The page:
Goals and Goal Setting – Dr. David Cox (sport psychologist) (applied by Todd Wong)
Technical, tactical, physicial, mental are four parts of sports preparation. Athletes must have realistic motivation.
It is the quality of the training not the quantity that is important. High quantity can create the illusion of good preparation. (eg. Practices that simply go through the motions of racing instead of replicating actual conditions of a race simulation such as possible problems and race tactics with other boats).
Ask yourself why you do this sport?
Do you want to win?
What makes you win? Confidence and efficacy (ability)
Shift goals from outcome to process (outcome or results cannot be controlled – but process can be controlled (how you train or compete or handle challenges).
Outcome is subject to outside influences – eg other racers, the weather, what you ate for lunch.
Performance and actions are under YOUR control. eg. how you handle challenges, your equipment, your attitude, your training, your diet.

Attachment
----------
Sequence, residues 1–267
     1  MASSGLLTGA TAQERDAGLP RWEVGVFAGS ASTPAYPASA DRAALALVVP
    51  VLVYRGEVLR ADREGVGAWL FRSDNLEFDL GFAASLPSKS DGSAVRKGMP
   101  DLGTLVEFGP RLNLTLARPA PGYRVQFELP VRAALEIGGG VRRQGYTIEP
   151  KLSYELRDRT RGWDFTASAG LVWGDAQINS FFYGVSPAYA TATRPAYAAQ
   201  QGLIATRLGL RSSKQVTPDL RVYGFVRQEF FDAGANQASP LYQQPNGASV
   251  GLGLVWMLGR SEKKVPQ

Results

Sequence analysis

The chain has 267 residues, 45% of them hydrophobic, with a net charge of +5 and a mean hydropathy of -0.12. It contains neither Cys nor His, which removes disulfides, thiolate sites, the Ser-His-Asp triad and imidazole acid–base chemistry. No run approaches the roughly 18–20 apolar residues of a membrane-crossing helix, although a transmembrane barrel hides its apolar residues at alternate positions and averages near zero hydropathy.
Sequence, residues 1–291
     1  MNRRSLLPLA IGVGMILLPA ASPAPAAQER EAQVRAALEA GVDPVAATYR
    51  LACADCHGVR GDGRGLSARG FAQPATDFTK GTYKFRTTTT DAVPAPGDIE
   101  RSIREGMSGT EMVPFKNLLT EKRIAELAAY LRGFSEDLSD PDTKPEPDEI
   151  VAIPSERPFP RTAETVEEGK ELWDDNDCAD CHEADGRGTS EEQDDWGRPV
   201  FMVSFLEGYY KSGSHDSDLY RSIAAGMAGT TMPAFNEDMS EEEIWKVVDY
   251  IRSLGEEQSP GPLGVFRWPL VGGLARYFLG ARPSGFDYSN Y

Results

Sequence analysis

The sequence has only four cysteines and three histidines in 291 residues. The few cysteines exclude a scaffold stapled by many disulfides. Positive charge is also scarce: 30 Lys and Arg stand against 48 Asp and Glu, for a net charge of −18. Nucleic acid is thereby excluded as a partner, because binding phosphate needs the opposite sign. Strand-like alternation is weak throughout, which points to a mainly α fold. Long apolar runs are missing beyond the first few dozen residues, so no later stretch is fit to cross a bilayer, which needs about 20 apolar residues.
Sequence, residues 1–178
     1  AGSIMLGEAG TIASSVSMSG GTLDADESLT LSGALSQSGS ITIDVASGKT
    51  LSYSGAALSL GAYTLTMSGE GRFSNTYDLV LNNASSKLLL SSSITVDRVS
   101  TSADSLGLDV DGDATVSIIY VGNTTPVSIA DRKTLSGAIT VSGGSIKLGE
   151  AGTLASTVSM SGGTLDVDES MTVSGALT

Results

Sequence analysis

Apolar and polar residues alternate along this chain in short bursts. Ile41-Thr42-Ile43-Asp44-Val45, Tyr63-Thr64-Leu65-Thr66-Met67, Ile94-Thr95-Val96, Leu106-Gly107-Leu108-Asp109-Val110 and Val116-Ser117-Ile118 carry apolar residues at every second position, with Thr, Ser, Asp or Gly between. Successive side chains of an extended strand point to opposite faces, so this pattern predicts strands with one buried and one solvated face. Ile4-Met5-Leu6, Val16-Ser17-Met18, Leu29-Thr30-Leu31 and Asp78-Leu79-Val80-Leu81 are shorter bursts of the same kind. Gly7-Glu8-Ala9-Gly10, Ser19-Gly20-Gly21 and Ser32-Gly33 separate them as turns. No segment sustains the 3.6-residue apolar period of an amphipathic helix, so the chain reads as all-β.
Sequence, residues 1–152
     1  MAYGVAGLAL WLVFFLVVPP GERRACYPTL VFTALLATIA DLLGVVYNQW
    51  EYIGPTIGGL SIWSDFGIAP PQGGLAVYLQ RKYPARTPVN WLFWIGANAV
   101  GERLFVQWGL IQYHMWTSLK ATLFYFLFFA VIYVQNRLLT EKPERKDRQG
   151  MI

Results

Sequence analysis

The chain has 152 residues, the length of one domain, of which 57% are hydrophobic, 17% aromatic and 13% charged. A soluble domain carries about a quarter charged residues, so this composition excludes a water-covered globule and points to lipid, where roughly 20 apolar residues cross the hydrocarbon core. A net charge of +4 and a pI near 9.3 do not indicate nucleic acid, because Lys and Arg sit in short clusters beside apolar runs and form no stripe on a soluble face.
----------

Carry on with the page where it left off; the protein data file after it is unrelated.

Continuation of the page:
Practice to Compete. If all we do is practice race starts then we become very good at doing race starts in practice situations (eg. no body else to race with – no understanding of what happens when a race is called.) Therefore we must do our best to simulate every possible condition that might happen during a race start so we are best prepared, if that possibility happens. We must also practice with other boats – some better, some not better.
Gung Haggis Fat Choy – Team and Personal Goals
My personal goal is to do my best to ensure a safe and fun time for everybody. This is accomplished by good coaching, encouraging each paddler, helping them reach levels of satisfaction and accomplishment, and building the best team and management/coaching group that I can.
To do this I will: read my coaching books, recruit a full team, keep in touch with paddlers to monitor both individual needs and team needs. I resolve to keep a positive and supportive attitude at all times.
– Todd Wong